Gradually electronics design without having access to a silicon
factory becomes useless, hopefully the process is slow enough so we
don\'t see that in full.
Sort of like nowadays you can somehow master an internal combustion
engine if you have a lathe and a milling machine but you have no
chance to make it comparable to those car makers make, not to speak
about cost.

Some things have got good enough. Hammers, spoons, beds, LED lights,
microwave ovens. Moore\'s Law can\'t go on forever, and is probably at
or in same cases past its practical limit.

Emissions requirements used to get tighter every year until it served no
purpose to make 1000 cars emit less than one BBQ. Then they started
subsidizing EV\'s. When everyone has an EV - or actually when no one has
an ICE and a few have EV\'s and most have to take a bus - then they\'ll
force us to change to something else.


We don\'t need 3 nm chips to text and twitter. I can\'t imagine my cell
phone needing to be better hardware.

First there was a century of advances in transportation, then it was
communication. When something is good enough we have to find something
else to make better and nobody has found it yet.
The giant advances will be in biology.



--

Father Brown\'s figure remained quite dark and still;
but in that instant he had lost his head. His head was
always most valuable when he had lost it.
 
M

Martin Brown

Guest
On 07/12/2021 23:21, Lasse Langwadt Christensen wrote:
tirsdag den 7. december 2021 kl. 23.32.09 UTC+1 skrev gnuarm.del...@gmail.com:
On Monday, December 6, 2021 at 8:14:43 PM UTC-5, Martin Brown wrote:

Likewise with PC\'s. I\'m in the market for a new one right now but I\'m
not convinced that any of them offer single threaded performance that is
3x better than the ancient i7-3770 I have now. That has always been my
upgrade heuristic (used to be every 3 years). Clock speeds have maxed
out and now they are adding more cores (many of which are idle most of
the time). Performance cores and efficient cores is the new selling
point. It looks on paper like the i5-12600K might just pass this test.
I bought an i5 machine and it was a real dog. I said something to the effect that they ran out of ways to add transistors to improve the speed of CPUs a few years ago and someone listed a number of architectural improvements they\'ve added for a 20-30% boost.

It has been quite some time since you could expect significant speed improvements by adding transistors or faster clock speeds. I think it was the Pentium 4 where the clock rate peaked at about 3 GHz by adding pipeline stages for shorter gate delays. But the cost of pipeline stalls pretty much mitigated that advantage. I believe people could overclock the Pentium 3 to run faster than the 4.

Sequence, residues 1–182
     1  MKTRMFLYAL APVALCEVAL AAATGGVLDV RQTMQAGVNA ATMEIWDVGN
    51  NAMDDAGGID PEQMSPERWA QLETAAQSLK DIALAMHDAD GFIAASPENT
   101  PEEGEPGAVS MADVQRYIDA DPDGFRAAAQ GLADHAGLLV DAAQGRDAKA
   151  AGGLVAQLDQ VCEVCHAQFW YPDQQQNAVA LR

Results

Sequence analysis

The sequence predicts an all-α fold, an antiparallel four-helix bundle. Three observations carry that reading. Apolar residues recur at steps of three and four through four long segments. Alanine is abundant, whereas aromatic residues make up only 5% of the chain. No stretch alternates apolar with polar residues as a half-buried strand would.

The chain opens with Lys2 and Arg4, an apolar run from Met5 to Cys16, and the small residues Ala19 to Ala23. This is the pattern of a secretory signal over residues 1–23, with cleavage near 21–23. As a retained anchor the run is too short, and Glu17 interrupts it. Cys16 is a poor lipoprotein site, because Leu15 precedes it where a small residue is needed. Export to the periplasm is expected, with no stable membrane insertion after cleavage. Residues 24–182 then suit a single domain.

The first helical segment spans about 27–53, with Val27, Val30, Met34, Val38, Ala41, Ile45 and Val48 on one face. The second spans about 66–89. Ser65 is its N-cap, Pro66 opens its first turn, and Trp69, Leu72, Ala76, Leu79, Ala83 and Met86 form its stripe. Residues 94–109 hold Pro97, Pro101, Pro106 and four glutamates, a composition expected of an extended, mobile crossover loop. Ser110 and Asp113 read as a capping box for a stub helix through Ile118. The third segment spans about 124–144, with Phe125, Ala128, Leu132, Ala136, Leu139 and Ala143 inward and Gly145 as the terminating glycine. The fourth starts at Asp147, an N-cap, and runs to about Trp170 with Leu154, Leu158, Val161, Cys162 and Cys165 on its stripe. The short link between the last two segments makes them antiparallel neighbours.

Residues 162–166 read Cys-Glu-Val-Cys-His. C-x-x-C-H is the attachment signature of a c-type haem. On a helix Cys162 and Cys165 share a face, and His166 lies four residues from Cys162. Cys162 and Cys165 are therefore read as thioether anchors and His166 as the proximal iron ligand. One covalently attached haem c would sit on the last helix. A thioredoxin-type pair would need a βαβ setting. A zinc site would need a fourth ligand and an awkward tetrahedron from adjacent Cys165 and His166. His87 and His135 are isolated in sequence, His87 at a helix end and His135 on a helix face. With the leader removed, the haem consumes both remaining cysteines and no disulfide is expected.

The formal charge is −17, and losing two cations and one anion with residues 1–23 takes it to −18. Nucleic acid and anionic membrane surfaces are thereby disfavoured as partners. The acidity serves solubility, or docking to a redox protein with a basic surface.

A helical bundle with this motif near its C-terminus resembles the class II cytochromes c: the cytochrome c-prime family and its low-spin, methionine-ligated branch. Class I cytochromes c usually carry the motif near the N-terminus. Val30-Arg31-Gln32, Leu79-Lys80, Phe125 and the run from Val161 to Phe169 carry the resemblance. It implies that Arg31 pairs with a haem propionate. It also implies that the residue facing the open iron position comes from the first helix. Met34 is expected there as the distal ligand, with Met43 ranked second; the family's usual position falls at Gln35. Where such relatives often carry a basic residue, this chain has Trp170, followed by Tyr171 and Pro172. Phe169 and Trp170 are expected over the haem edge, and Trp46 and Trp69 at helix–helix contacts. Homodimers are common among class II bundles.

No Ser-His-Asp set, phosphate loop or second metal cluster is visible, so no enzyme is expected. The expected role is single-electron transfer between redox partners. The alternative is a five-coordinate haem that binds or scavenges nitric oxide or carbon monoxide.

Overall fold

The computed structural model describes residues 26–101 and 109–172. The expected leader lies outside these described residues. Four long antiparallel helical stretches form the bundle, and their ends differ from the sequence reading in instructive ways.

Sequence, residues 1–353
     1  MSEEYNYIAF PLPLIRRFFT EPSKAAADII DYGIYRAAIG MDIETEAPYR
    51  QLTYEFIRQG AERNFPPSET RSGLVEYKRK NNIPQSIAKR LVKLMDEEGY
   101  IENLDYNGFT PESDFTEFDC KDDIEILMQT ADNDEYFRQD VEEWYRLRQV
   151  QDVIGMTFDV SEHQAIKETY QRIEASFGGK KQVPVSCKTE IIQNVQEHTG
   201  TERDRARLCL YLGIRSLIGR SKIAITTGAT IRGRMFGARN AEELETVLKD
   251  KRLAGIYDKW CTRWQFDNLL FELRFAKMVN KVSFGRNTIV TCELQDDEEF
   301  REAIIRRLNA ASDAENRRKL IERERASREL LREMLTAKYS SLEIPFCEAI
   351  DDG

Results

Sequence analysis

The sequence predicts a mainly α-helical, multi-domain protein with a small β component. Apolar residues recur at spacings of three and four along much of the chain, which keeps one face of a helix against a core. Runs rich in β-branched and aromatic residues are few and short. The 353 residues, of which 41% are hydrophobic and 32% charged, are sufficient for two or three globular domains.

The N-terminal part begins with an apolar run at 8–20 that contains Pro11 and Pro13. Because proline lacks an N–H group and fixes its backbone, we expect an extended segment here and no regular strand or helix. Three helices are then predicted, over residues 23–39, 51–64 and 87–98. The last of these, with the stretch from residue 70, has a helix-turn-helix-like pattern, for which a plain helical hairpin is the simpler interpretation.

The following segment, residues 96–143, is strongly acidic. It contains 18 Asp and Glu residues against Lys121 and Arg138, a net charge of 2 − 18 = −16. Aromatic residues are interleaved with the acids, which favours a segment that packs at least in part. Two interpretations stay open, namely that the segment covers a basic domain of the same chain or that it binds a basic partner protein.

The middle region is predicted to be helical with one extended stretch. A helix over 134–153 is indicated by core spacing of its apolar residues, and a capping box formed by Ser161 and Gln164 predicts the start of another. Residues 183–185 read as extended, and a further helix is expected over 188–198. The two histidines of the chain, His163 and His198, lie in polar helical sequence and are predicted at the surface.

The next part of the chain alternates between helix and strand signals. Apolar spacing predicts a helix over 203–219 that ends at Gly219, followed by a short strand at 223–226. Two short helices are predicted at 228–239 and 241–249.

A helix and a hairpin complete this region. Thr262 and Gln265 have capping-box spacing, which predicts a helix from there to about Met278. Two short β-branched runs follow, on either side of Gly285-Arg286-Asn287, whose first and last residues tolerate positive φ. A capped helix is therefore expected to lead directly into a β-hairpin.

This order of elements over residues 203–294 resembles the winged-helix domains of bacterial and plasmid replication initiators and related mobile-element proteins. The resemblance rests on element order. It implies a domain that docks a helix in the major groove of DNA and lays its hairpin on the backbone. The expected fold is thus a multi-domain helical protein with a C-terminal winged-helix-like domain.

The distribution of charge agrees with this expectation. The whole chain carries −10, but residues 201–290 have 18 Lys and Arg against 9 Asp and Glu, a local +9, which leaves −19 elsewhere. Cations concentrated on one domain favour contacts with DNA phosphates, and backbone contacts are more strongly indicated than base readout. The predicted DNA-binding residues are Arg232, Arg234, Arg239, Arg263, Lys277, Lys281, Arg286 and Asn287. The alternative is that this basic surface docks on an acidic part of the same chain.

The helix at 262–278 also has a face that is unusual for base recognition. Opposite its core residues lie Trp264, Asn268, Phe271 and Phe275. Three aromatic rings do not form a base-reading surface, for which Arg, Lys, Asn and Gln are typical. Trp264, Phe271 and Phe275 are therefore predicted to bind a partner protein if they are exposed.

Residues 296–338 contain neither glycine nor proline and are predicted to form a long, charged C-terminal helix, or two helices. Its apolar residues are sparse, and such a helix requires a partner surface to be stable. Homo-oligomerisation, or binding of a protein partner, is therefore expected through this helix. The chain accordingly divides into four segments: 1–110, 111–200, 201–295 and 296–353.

It would have needed serious water cooling to overclock a Pentium 3. My
P3 portable actually damaged the surface finish of a table when left on
power running a particularly heavy simulation overnight. Used on a lap
at full speed it would almost certainly have resulted in serious burns!

> https://www.cpubenchmark.net/compare/Intel-i7-3770-vs-Intel-i9-12900KF-vs-Intel-Pentium-4-3.60GHz/896vs4611vs1079

Therein lies the problem. The stuff I am developing only cares about
single thread performance so by moving from the i7-3770 to the latest
and greatest i9-12900 I get just twice the speed for 4x the power used.
It would be a lot more cost effective to buy another 3770 or 4770 (they
are practically giving them away now as desktops have fallen out of
fashion).

Curiously I can see what turns out to be a step backwards in the i7-3770
from my portable which is an i7-2670QM. The latter can correctly handle
sincos simultaneous evaluation without a pipeline stall in my algorithm
but the go faster 3770 cannot. I had assumed until now that it was a
later chip with a lower number until I just looked it up.

It seems some of the trick used in the slower clocked low power portable
CPUs either don\'t make it into the desktop CPUs or are inapplicable.

The i5-12600K looks like it might just be good enough. Improvements in
the pipelining, sincos simultaneous evaluation and SSE extensions for
tough floating point problems might just be enough to push it over 3x.
On paper its floating point performance looks OK.

--
Regards,
Martin Brown
 
R

Rick C

Guest
On Tuesday, December 7, 2021 at 10:56:54 PM UTC-5, Tom Del Rosso wrote:
John Larkin wrote:
On Mon, 6 Dec 2021 20:36:17 +0200, Dimiter_Popoff <d...@tgi-sci.com
wrote:

On 12/6/2021 19:42, jla...@highlandsniptechnology.com wrote:
https://www.fabricatedknowledge.com/p/the-rising-tide-of-semiconductor

I\'ve also heard that the cost of one next-gen euv scanner is well
over $200M, and that the design and mask set for a high-end chip
costs a billion dollars.

We just don\'t need few-nm chips.




Gradually electronics design without having access to a silicon
factory becomes useless, hopefully the process is slow enough so we
don\'t see that in full.
Sort of like nowadays you can somehow master an internal combustion
engine if you have a lathe and a milling machine but you have no
chance to make it comparable to those car makers make, not to speak
about cost.

Some things have got good enough. Hammers, spoons, beds, LED lights,